But Ms Ilsley said that is exactly what is happening – and she wanted to warn elderly people and their families that this is what doctors and GP practices across the country are doing right now.
“My mum has never had this conversation before, and she is nowhere near poorly enough to need it right now if it wasn’t for coronavirus,” she said.
“This needs to be highlighted. I want to warn people that these questionnaires are out there, that these doctors are basically trying to get the elderly to agree to die quietly at home or in a nursing home.
“It’s absolutely shocking. My mum is such a selfless person, that if it was put to her she wouldn’t want to take up a bed from someone else, and this is the problem. She was bounced into this. There will be tens of thousands of people who agree to this, without realising what they’re agreeing to.
“If it’s happening to my mum, then it will be happening to people who are far less likely to question it.
“She’s only 74. She’s an active and valuable member of society. She’s not so ill she needs oxygen, she doesn’t even need help to get upstairs or anything, but according to this, she’s so bad it’s already been decided she should be left to die without getting treatment that might otherwise save her – it’s pre-emptive eugenics,” said Ms Ilsley.
Maggie said she had many unanswered questions about what the agreement not to call 999 meant.
“Does it mean she shouldn’t call 999 for something else? Say she fell over and broke her leg, should she not call it for that? What if she had something else that wasn’t coronavirus – like a heart attack or chest pains? How do they know she’s got coronavirus if they aren’t going to come out and test her?” she asked.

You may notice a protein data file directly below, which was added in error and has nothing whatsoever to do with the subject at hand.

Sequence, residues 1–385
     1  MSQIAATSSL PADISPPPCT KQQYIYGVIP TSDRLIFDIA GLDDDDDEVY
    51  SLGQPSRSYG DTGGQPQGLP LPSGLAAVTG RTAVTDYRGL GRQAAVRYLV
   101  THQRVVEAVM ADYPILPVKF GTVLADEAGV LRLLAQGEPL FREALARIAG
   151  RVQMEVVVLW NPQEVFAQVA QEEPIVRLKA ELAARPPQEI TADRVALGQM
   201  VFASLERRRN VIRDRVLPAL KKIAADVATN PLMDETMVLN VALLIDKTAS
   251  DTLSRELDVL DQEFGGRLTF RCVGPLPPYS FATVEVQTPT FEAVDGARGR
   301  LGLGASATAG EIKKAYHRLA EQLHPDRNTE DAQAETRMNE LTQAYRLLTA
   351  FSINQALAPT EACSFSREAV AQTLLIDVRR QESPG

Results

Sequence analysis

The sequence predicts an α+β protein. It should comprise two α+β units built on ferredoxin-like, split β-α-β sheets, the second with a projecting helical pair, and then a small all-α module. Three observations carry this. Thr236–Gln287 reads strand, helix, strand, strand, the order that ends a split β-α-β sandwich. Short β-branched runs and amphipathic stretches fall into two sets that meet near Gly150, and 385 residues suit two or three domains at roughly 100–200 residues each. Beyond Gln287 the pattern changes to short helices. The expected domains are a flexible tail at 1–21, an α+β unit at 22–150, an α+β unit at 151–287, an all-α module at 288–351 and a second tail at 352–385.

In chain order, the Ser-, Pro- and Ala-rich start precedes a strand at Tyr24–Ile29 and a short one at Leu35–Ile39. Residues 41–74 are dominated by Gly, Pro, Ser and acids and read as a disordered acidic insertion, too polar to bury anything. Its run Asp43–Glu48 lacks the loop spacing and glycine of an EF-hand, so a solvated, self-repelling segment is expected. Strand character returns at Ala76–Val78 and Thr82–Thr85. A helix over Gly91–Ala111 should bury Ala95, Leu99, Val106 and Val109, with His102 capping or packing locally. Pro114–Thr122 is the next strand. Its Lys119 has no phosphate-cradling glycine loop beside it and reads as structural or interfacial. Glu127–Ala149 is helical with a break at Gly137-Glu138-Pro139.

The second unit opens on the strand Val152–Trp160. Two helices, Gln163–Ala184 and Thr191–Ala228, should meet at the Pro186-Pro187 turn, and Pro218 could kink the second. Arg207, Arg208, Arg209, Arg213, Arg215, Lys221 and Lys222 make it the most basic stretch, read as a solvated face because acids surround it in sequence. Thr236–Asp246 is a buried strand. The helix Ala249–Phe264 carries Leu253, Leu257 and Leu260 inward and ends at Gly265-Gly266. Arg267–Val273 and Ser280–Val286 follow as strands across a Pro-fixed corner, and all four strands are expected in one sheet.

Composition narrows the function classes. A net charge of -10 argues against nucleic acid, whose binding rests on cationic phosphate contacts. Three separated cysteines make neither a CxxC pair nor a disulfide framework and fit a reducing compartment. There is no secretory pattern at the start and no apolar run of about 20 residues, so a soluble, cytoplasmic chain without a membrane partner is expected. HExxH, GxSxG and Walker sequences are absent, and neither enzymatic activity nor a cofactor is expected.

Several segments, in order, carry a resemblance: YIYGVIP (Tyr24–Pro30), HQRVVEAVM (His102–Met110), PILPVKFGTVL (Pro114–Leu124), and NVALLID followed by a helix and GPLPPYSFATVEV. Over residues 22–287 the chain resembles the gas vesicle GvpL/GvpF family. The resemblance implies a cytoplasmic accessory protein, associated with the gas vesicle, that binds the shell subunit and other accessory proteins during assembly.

What did the health service say?
Bristol Live put a series of questions to the Bristol, North Somerset and South Gloucestershire Clinical Care Group, the NHS organisation that manages GPs’ surgeries in the Bristol area.
- We asked if questionnaires were being sent in the post, or being done over the phone by doctors, and which was seen as the best practice?
- We also asked what the response of the doctor is if the person being asked is adamant that they do want to call 999 and do want to be treated?
- We asked if the aim of the GP at the start of the questionnaire process is to get the patient to agree to remain at home in the event of developing coronavirus?
- We asked what guidelines have been issued to GPs undertaking this process?
- We had questions about the implications of the ‘do not call an ambulance’ decision. Does it apply to other emergencies and other health conditions that are not coronavirus, and who decides if the patient concerned has coronavirus if they are not tested?
- We also asked what the criteria is to get patients to fill in these forms, and who decides?
Bristol CCG opted not to directly answer those questions, but instead issued a statement.
The statement, from Dr Martin Jones, the medical director at Bristol, North Somerset and South Gloucestershire CCG, appeared to directly contradict the chief nurse’s statement that Covid-19 should ‘not be used as an excuse to do that separately’.
He said the questions were part of a thing called the ‘ReSPECT’ framework – which stands for Recommended Summary Plan for Emergency Care and Treatment.
He said: “We are very sorry to hear about this patient’s experience, and we are following up with the practice.
“ReSPECT is a framework which is routinely used to guide an informed discussion about people’s choices and preferences in the event of a medical emergency.
“Given the current covid-19 situation, it’s important that as far as possible we understand people’s wishes in relation to treatment if they become acutely unwell.
“However, ReSPECT discussions should take place in a compassionate and sensitive way, that allow people and their families to reflect on their options and have their concerns listened to,” he added.
“It’s also important to make clear that ReSPECT is not a binding document. It is a record of someone’s feelings at the time the discussion took place, and should be a starting point to help clinicians, patients and families to make decisions about effective treatment in an emergency,” he said.